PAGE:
I have had 3-4 instances of HE occur (that I know of) since October of 2019…fortunately I have had others around me that know the signs (I can’t do simple math, memory loss, paranoid confusion). After the last major incident which occurred on the morning of Thanksgiving last year, it took four adults to get me into a car to go to the hospital…that’s how bad it got. I woke up in the ICU with a breathing tube respirator and a catheter and connected to all of the machines they possibly had (including the one that goes BING!) #montypythonmeaningoflife


I take meds every day in the morning and at night to help my body flush out the toxins before they build up, but sometimes they just do and that’s what happened a week ago. I have set up a simple text messaging where I text close friends and family twice a day…and if I don’t text by 9am AND 9pm, phone calls start coming in, and I continue to fail to respond, someone will bang on my door…which happened last Wednesday morning.


I failed to send my 9am text message…my mother texted the group asking if anyone nearby could stop in and check on me. My friend Josh Egan, who lives just a few blocks away, found me in my bed, unresponsive. Another friend, Jack DeMarco, arrived a few minutes later, EMT was called as my heart rate was dangerously low…I was in imminent danger. They rushed me to ORMC Trauma and then later at Advent ICU after I was stable enough to transport. I remember none of this…other than waking up very groggy and slowly in the Advent ICU. It was early on Friday…I had no idea where I was but I was pretty certain I was in the hospital. My mother showed up a few hours later and by the end of the day I was transferred out of the ICU and into a normal hospital room at Advent, where they kept me for a few more nights to make sure I was good to go.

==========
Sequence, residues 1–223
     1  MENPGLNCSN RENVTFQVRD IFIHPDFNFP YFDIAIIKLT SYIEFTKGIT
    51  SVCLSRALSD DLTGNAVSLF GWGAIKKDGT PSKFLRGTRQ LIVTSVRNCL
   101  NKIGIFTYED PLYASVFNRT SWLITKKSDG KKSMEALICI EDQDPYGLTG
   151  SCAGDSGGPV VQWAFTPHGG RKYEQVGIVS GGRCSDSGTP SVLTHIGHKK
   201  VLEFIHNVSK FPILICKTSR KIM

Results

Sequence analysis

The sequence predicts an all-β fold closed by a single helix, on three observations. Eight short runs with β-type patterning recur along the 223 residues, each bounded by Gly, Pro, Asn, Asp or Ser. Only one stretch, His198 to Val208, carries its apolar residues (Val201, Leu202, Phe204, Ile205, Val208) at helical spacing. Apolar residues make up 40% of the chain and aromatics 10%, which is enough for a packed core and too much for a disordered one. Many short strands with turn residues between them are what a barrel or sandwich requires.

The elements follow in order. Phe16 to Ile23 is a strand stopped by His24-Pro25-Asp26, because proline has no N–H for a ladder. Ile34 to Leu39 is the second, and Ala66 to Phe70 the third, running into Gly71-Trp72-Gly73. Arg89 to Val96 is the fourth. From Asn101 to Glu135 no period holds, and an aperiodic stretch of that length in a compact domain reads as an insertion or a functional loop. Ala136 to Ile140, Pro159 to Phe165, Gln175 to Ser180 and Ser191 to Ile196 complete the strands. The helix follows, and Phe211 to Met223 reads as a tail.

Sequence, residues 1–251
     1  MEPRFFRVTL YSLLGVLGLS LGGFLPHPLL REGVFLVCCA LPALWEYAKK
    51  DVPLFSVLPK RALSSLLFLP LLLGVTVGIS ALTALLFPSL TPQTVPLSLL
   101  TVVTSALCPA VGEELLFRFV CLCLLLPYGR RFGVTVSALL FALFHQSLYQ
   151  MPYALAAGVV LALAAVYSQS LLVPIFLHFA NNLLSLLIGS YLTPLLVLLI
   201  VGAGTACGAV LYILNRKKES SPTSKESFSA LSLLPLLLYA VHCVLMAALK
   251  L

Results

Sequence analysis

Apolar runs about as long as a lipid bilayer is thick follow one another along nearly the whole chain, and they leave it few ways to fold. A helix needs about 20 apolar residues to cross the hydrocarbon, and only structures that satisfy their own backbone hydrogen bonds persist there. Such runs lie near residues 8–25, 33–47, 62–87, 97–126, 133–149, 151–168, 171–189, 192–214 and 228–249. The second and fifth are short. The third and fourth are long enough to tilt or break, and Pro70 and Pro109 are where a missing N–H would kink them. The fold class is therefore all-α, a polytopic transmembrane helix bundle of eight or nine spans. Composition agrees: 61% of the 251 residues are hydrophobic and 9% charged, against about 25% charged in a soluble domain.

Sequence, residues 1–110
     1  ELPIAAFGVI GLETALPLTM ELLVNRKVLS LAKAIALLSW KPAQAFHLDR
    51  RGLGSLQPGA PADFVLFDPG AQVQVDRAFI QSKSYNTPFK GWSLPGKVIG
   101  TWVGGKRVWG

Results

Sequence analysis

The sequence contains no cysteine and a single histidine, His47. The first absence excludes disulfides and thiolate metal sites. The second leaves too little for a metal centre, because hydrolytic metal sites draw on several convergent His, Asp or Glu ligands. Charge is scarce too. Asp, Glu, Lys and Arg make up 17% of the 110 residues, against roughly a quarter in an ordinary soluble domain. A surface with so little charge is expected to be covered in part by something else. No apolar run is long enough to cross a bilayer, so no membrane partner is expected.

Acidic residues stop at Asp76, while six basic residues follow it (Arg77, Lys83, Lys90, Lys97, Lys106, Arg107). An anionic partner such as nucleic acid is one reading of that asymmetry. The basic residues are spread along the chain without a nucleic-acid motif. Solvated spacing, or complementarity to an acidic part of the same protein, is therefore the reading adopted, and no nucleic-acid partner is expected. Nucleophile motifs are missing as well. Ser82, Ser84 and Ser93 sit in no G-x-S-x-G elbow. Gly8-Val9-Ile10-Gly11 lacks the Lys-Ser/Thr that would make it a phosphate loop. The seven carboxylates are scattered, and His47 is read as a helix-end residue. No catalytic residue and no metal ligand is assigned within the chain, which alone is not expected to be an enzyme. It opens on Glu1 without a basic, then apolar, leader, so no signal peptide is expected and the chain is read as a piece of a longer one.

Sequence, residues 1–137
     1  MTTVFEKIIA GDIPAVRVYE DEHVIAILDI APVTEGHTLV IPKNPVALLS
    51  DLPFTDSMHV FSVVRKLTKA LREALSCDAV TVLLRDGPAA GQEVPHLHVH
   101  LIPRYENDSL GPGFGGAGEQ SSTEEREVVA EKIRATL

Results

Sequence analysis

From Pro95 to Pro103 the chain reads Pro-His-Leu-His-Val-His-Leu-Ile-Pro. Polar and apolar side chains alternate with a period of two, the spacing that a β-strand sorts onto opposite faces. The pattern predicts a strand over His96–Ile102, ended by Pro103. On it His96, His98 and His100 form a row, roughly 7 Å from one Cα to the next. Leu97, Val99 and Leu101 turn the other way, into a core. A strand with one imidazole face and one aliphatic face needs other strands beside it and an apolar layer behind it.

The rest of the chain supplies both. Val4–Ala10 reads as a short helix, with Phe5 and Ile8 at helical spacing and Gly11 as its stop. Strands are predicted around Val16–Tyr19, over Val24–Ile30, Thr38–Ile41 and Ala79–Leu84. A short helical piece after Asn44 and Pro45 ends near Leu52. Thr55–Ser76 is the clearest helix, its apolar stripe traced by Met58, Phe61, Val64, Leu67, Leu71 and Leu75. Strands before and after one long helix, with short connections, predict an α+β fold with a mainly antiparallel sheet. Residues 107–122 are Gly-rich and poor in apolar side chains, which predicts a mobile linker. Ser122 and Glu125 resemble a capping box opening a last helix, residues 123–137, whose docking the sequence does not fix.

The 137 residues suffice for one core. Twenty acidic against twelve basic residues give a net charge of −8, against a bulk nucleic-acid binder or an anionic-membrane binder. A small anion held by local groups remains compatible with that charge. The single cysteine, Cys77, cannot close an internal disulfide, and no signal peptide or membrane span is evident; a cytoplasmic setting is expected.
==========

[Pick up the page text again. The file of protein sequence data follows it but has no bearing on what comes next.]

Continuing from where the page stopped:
Now I’m back home, thankful as ever for the love and support of my friends and family for helping me get through yet another hurdle in this fight for my life.


I started this by saying I was out of the oven and into the fire… well, now to complicate my already complicated mess, is the CoronaVirus. My immune system is already compromised by liver disease AND I have asthma, AND it’s the peak of allergy season in Florida. TRIPLE THREAT!

Hopefully you are keeping healthy and listening to sound medical advice and not “hunches” or spreading false information. I am still on the liver transplant list, and could get the call at any moment. My specialist at the Advent Transplant Institute assures me that they will be testing every liver donor for exposure to Coronavirus and they will be rejected if they test positive. Transplants are still happening, but it is a fluid situation that parameters are changing every day as new medical information comes in. I am still optimistic that together we can beat this. I feel that seven years at Burning Man, learning things like “Radical Self Reliance” have helped prepare me in immeasurable ways (more about that in a future post).


For now, I’ll be home, self-quarantined and discovering new things about myself and what’s most important to the world around me.